Email updates

Keep up to date with the latest news and content from BMC Genomics and BioMed Central.

Open Access Highly Accessed Research article

Genome-wide detection of predicted non-coding RNAs in Rhizobium etli expressed during free-living and host-associated growth using a high-resolution tiling array

Maarten Vercruysse, Maarten Fauvart, Lore Cloots, Kristof Engelen, Inge M Thijs, Kathleen Marchal and Jan Michiels*

Author affiliations

Centre of Microbial and Plant Genetics, Katholieke Universiteit Leuven, B-3001 Heverlee, Belgium

For all author emails, please log on.

Citation and License

BMC Genomics 2010, 11:53  doi:10.1186/1471-2164-11-53

Published: 20 January 2010

Abstract

Background

Non-coding RNAs (ncRNAs) play a crucial role in the intricate regulation of bacterial gene expression, allowing bacteria to quickly adapt to changing environments. In the past few years, a growing number of regulatory RNA elements have been predicted by computational methods, mostly in well-studied γ-proteobacteria but lately in several α-proteobacteria as well. Here, we have compared an extensive compilation of these non-coding RNA predictions to intergenic expression data of a whole-genome high-resolution tiling array in the soil-dwelling α-proteobacterium Rhizobium etli.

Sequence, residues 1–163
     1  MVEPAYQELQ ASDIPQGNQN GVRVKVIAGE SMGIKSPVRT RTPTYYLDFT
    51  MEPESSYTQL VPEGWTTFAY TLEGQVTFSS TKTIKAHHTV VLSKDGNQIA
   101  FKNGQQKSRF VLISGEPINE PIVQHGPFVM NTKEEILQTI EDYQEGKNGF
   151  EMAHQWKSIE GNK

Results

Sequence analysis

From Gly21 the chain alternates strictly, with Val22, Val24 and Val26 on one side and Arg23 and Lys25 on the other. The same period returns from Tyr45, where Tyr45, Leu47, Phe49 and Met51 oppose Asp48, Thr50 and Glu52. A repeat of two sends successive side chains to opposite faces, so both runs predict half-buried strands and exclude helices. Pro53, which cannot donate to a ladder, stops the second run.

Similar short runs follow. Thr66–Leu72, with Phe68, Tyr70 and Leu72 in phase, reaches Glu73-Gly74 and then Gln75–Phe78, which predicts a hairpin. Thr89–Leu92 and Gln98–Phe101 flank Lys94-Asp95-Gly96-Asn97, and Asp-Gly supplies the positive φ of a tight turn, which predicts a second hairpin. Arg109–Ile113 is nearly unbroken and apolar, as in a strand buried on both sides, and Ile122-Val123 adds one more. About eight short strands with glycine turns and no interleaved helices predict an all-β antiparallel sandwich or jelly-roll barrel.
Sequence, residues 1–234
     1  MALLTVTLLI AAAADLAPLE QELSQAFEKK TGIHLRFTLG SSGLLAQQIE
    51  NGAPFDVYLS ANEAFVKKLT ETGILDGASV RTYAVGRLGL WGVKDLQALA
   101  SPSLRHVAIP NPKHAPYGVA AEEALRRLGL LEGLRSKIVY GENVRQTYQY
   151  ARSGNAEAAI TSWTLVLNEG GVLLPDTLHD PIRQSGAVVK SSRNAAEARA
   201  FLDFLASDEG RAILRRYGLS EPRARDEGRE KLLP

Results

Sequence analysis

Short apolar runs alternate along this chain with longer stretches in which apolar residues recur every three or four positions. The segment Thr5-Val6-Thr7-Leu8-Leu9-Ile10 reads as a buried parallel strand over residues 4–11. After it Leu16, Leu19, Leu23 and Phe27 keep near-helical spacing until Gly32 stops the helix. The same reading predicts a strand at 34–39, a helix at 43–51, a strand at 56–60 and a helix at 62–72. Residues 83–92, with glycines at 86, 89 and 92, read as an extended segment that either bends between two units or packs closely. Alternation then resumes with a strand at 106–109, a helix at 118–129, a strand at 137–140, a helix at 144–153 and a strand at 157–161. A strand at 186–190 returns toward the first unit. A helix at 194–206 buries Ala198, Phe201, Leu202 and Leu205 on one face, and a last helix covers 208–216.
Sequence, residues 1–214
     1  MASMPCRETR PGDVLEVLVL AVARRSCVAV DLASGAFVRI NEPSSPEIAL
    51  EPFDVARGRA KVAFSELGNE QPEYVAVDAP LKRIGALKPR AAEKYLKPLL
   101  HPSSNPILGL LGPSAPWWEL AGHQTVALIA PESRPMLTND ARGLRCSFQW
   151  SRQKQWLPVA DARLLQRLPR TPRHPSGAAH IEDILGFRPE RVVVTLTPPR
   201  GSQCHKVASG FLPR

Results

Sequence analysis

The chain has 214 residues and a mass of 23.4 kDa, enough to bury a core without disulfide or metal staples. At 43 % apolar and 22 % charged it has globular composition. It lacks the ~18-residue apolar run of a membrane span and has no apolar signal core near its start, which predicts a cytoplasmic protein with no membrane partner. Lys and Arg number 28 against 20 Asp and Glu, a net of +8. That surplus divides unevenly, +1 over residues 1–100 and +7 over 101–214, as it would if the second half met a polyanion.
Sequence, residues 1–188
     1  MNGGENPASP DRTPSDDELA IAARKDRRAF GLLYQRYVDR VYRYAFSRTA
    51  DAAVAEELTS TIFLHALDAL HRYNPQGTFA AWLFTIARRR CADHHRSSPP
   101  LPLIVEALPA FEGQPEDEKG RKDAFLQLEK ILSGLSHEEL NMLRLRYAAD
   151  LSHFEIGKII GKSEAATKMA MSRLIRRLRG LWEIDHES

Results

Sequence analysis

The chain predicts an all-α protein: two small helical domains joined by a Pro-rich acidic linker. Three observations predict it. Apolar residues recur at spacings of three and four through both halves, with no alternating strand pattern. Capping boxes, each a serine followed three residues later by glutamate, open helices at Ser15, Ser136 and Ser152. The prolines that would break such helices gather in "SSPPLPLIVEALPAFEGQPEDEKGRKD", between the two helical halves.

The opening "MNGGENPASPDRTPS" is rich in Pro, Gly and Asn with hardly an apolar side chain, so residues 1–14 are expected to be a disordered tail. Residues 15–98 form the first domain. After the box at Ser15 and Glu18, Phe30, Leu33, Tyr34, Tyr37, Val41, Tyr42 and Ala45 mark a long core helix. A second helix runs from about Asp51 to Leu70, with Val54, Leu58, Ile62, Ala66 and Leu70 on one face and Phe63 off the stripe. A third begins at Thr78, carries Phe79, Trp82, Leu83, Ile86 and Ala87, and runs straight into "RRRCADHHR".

Results

Expression of 89 candidate ncRNAs was detected, both on the chromosome and on the six megaplasmids encompassing the R. etli genome. Of these, 11 correspond to functionally well characterized ncRNAs, 12 were previously identified in other α-proteobacteria but are as yet uncharacterized and 66 were computationally predicted earlier but had not been experimentally identified and were therefore classified as novel ncRNAs. The latter comprise 17 putative sRNAs and 49 putative cis-regulatory ncRNAs. A selection of these candidate ncRNAs was validated by RT-qPCR, Northern blotting and 5' RACE, confirming the existence of 4 ncRNAs. Interestingly, individual transcript levels of numerous ncRNAs varied during free-living growth and during interaction with the eukaryotic host plant, pointing to possible ncRNA-dependent regulation of these specialized processes.

Conclusions

Our data support the practical value of previous ncRNA prediction algorithms and significantly expand the list of candidate ncRNAs encoded in the intergenic regions of R. etli and, by extension, of α-proteobacteria. Moreover, we show high-resolution tiling arrays to be suitable tools for studying intergenic ncRNA transcription profiles across the genome. The differential expression levels of some of these ncRNAs may indicate a role in adaptation to changing environmental conditions.